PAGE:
Ciaran Buckley – M 2:00 PM / W 11:00 AM
This course will investigate the emergence of global interdependence and interconnectedness and its influence on people, business and governments. Throughout, we will examine the experience made in the European Union where countries established institutions and coordinated policies to enable travel, cultural exchange and close cooperation under the motto "Unity in Diversity." We will analyze and understand also the challenges of unifying people from diverse European as well as non- European cultures. This course will raise the awareness of how people work closely and have begun establishing structures as well as international and cultural decision making processes to be able to deal effectively with the issues of increased interdependence and interconnectedness among diverse peoples and groups. We will look at the European Union in its current form, ascertain its needs to succeed and research the cultural, political and institutional responses in order to make interdependence structures visible.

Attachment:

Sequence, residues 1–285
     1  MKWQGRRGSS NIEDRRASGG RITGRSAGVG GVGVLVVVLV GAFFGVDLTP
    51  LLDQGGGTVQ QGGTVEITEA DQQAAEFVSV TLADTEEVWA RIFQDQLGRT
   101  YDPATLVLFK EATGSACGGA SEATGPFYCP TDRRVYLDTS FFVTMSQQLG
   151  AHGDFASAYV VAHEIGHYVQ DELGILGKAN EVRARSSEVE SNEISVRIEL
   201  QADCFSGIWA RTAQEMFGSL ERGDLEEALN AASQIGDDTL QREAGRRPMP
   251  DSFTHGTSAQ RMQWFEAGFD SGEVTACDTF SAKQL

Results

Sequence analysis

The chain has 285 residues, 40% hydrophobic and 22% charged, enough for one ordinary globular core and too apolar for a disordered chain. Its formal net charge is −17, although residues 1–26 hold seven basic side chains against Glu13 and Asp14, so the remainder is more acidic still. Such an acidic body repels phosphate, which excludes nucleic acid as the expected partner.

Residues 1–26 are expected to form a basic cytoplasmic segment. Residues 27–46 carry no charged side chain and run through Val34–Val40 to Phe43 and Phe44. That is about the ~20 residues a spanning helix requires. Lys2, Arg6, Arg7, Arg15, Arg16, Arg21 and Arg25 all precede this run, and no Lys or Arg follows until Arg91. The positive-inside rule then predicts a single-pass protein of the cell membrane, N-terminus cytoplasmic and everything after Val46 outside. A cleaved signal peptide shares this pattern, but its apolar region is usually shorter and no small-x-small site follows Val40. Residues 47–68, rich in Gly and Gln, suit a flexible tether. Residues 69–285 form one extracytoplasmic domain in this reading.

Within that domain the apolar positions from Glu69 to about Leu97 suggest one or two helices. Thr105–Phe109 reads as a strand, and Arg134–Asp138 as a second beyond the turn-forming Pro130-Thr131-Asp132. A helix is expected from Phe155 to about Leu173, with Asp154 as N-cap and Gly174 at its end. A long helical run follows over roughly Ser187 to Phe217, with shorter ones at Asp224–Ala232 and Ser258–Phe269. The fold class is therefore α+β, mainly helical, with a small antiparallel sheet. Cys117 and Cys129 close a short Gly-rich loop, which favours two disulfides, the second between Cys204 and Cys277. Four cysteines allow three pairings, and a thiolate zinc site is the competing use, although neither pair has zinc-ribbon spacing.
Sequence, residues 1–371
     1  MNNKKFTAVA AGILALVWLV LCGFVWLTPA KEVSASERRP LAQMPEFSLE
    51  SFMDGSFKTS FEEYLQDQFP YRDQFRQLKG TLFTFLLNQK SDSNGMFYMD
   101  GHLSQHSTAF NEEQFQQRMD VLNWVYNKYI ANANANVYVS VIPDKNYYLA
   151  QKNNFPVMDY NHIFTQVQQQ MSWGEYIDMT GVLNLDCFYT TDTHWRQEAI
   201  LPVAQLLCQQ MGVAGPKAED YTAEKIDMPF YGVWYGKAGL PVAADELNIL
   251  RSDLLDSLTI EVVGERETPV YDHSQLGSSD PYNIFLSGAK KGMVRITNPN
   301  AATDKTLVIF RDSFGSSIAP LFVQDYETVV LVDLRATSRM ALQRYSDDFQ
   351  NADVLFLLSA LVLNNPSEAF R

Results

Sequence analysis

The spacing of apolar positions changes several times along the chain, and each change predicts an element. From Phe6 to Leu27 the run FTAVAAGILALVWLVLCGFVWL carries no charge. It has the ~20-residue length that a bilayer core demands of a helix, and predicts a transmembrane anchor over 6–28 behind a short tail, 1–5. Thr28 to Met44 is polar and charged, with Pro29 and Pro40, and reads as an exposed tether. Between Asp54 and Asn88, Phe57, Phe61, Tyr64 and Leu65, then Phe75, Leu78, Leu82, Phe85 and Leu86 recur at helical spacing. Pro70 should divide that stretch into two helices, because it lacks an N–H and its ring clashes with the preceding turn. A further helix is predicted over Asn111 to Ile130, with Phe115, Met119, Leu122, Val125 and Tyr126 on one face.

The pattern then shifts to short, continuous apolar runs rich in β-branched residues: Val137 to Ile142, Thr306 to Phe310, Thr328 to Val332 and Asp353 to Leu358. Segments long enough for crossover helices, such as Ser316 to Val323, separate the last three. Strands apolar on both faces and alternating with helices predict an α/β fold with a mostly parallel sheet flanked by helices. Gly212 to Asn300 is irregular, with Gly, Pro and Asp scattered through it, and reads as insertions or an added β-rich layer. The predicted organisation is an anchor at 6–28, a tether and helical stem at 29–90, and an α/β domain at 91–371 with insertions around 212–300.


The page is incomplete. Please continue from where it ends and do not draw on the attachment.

Kerry Noonan – M 12:30 PM / W 9:30 AM
Hungry ghosts, ancestor worship, the Kitchen God, Guanyin, Buddhism, Daoism, feng shui: All these are components of the folk religions of China. This course will examine the supernatural in China, looking at religions like Buddhism and Daoism as well as new religions such as Falung Gong. We will also consider supernatural beliefs, such as ghost tales, and ideas about the dead. How have these beliefs survived under half a century of official atheism? Now that religion is somewhat tolerated in China, what directions is it taking today?
Kerry Noonan – M 2:00 PM / W 11:00 AM
Kristin Wolf – M/TH 9:30-10:45 AM
The Amazon River Basin (ARB) is the most biodiverse place on Earth; it is also home to hundreds of human communities, making it a unique and appropriate setting to study the intersection of humanity and ecology. In this course we will explore, compare and contrast various lifeways of human communities of the Peruvian Amazon along a gradient of the contested concept of "development." With special interest topics in tropical forest ecology, beekeeping with stingless bees, ecotourism and community-driven development, this interdisciplinary course will explore how various communities perceive and interact with their respective environments, highlight the exceptional characteristics of the larger Amazon ecosystem, and investigate the effects of globalization, both past and present, on the landscape and peoples of the Amazon.
Kristin Wolf – M/TH 11:00 AM–12:15 PM